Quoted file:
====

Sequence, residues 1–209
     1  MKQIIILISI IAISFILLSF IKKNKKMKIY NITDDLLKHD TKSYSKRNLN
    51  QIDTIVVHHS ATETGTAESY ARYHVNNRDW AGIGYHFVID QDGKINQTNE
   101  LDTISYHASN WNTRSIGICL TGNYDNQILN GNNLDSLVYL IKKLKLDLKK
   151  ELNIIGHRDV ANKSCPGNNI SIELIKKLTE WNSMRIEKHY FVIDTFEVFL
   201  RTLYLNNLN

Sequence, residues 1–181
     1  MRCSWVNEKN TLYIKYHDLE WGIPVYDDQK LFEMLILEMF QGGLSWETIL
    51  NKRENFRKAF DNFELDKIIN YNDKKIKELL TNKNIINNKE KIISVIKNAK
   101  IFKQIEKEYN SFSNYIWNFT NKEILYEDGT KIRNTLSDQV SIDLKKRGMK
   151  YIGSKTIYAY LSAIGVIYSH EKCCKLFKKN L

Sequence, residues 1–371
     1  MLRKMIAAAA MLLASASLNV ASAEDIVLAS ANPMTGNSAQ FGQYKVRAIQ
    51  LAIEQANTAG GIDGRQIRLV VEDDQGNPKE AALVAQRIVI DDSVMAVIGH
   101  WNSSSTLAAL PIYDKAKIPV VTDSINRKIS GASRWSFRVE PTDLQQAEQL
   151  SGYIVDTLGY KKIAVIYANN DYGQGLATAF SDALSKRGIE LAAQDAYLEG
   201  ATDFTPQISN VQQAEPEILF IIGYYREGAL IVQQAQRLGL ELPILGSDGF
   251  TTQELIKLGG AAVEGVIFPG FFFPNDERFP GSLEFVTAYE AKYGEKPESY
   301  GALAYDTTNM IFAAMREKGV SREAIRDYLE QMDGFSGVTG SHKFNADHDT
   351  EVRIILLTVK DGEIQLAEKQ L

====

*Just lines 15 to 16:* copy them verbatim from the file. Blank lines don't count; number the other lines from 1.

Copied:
   101  WNSSSTLAAL PIYDKAKIPV VTDSINRKIS GASRWSFRVE PTDLQQAEQL
   151  SGYIVDTLGY KKIAVIYANN DYGQGLATAF SDALSKRGIE LAAQDAYLEG